Tough Enough

Given her screen image, Pam Grier is a natural for a new show about women in law enforcement. And with the most officers featured in the show, Baltimore is the natural place for her to kick off the series

January 23, 2002|By Cheryl Lu-Lien Tan | Cheryl Lu-Lien Tan,SUN STAFF

The Afro is long gone. It's been years since she opted to step out in her bell-bottomed '70s regalia.

And that determined, wronged-woman snarl that she flashed decades ago while bashing away baddies in the action movies that made her famous is missing from her face - at this moment anyway.

But when Pam Grier strides into a room, it's clear she's still not one to mess with.

Statuesque, confident and strikingly beautiful almost 30 years since she first hit the big-time with her string of femme-fatale roles, Grier entered an elegant hotel suite yesterday morning, sharply scanned her surroundings and declared, "How come I didn't get a room like this?"

She's joking, of course. But for just a moment, she's got that Foxy Brown twinkle in her eye. That flinty air of a headstrong woman who knows what she deserves - and doesn't think twice about telling you how to give it to her.

The 52-year-old Grier came to Baltimore to launch the new Oxygen network program she's the host of, Women & The Badge. The 13- episode series profiles 22 women in law enforcement, and the season kicks off Sunday night with a show that follows a rookie Baltimore police officer as she navigates her first days on the beat. The series is in the vein of Fox's reality show Cops but with a rah-rah, girl-power slant.

Grier's new gig championing and showcasing female power isn't surprising given the career she's had and the hurdles she's had to overcome.

Grier, who almost died from abdominal cancer but has been in remission since 1988, catapulted to fame in the early '70s in starring turns as heroines fighting for justice in "blaxploitation" films, a genre of campy African-American movies heavy on sex and violence. In the 1974 classic Foxy Brown, for example, she kicked and battered her way through battalions of men and women to avenge the death of her boyfriend and destroy a drug gang - a feat that she capped with the gory castration of the ring-leader.

Even after blaxploitation films faded from the big-screen in the late '70s, Grier continued to choose strong female roles that showed, above all, that women could do pretty much whatever they set their minds on. She's taken on quietly heroic roles in Quentin Tarantino's Jackie Brown (1997) and last year's Bones with Snoop Dogg.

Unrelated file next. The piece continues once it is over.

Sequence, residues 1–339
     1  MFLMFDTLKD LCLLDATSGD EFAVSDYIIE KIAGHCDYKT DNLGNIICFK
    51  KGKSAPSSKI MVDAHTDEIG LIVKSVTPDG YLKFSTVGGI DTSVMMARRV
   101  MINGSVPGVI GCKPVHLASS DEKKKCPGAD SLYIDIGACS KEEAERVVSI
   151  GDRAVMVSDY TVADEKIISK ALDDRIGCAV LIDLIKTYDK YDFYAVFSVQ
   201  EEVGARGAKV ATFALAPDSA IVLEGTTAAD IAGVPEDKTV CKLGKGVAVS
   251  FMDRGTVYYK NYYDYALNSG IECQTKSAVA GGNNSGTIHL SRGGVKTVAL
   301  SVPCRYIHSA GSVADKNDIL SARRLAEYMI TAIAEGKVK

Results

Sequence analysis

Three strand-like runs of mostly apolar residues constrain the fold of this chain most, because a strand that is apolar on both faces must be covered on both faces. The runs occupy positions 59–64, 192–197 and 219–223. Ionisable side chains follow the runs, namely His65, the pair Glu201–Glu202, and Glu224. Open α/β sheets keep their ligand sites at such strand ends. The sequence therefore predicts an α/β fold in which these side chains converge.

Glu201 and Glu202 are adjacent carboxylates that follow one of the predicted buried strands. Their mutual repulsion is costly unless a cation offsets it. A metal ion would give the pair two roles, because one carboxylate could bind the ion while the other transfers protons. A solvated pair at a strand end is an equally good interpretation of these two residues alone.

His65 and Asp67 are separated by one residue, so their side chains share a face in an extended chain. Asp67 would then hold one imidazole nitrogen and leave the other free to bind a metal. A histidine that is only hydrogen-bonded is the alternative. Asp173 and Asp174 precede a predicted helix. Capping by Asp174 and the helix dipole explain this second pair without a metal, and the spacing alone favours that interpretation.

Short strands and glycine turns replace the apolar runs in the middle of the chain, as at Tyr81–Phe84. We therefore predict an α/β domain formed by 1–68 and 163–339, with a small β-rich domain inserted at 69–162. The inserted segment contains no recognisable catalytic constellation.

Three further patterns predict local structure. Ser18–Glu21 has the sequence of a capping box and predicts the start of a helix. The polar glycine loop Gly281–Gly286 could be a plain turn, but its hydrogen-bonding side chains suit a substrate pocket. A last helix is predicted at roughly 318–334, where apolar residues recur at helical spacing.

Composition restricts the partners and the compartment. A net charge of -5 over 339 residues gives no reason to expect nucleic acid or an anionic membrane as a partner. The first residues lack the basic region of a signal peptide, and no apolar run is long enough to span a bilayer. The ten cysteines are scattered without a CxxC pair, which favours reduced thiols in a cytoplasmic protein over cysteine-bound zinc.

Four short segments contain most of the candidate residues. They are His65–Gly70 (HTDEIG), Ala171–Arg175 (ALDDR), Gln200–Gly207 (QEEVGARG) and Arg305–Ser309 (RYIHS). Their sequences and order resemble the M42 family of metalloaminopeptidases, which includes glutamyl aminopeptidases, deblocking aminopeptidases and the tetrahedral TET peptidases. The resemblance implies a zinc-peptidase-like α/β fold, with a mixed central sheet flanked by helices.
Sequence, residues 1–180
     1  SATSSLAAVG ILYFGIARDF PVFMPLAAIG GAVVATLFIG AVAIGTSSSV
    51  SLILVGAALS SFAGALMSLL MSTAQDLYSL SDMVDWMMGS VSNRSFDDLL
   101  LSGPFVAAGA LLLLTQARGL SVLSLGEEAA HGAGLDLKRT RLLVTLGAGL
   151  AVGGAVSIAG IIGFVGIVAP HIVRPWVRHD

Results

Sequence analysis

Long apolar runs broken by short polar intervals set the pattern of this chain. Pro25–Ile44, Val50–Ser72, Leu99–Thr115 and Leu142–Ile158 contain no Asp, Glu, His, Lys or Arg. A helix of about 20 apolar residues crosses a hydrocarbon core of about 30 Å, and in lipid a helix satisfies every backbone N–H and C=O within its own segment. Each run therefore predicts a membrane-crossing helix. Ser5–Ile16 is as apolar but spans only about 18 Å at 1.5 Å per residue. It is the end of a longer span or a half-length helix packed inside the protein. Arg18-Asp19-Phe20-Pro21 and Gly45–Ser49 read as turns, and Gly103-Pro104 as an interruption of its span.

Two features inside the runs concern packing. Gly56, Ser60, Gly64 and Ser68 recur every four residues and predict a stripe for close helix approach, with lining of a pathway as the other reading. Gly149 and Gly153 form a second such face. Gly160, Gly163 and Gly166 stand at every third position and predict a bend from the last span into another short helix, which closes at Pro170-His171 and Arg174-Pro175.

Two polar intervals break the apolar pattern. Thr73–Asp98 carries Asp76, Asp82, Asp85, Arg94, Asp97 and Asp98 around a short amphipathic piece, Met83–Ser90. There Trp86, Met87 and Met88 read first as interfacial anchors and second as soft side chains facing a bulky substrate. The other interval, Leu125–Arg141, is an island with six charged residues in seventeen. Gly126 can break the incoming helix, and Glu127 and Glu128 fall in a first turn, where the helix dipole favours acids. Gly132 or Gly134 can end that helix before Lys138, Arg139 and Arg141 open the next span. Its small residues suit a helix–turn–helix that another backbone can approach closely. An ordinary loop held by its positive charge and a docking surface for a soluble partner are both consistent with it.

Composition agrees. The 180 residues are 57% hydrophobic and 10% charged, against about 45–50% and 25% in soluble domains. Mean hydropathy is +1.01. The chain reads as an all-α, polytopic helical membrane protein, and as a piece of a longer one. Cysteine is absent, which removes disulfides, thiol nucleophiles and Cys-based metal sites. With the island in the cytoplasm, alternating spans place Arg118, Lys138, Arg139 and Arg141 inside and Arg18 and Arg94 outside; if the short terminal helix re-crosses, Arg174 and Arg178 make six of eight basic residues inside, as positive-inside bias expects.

Grier said she leaped at being a part of a new series that follows tough, female officers as they investigate homicides, examine crime scenes or search for drug activity in houses, inching from room to room with guns drawn.

Grier, who never married, said the show resonates with her, having grown up female and African-American in Winston-Salem, N.C., before the civil rights and women's movements.

"I have family members who, because of the color of their skin, the only job they could get was in law enforcement," said Grier, pausing occasionally to carefully brush her jet black hair away from her perfectly made-up face. "If you had the gift and the physical attributes that would allow you to be a police person, those were the best jobs that you could get at the time."

But the tough job that female police officers have didn't strike her until 1973, when her uncle - a detective with the Denver Police Department - took her to work one day as she began researching her role for Foxy Brown.

"That was when I first saw female police officers and detectives," she said. "They were in very nice suits - they were in pastel suits because they were very feminine but they were very strong women. And they were capable in a way that they had to be competitive with the men, and, of course, at the time men hadn't really grasped the fact that their sexism would have to be minimized - their comments, their jokes, their harassment.

"At the time, I didn't think of women as detectives ... Why did I not expect it? That's what I was conditioned to believe," she added. "But you could see the movement emerging. Walls were crumbling, and women weren't all in the kitchen - barefoot. We were on the police force."

In Baltimore, where the number of female police officers has increased in recent years, the Police Department endorsed the Oxygen show by giving cameras access to its officers and detectives over several weeks in the fall. Of the 22 officers profiled, seven are from Baltimore. Oxygen picked Baltimore as the show's launch site because the Police Department has the most number of officers profiled in the series. The network is available on satellite television in the Baltimore area.

"This not only showcases the best female officers we have, it showcases the department," said Baltimore Police Commissioner Edward T. Norris. "We've got women in very critical jobs, and this shows women the careers they can have in police departments."

And some of the women profiled in the show said Grier had been a role model for them in their formative years.

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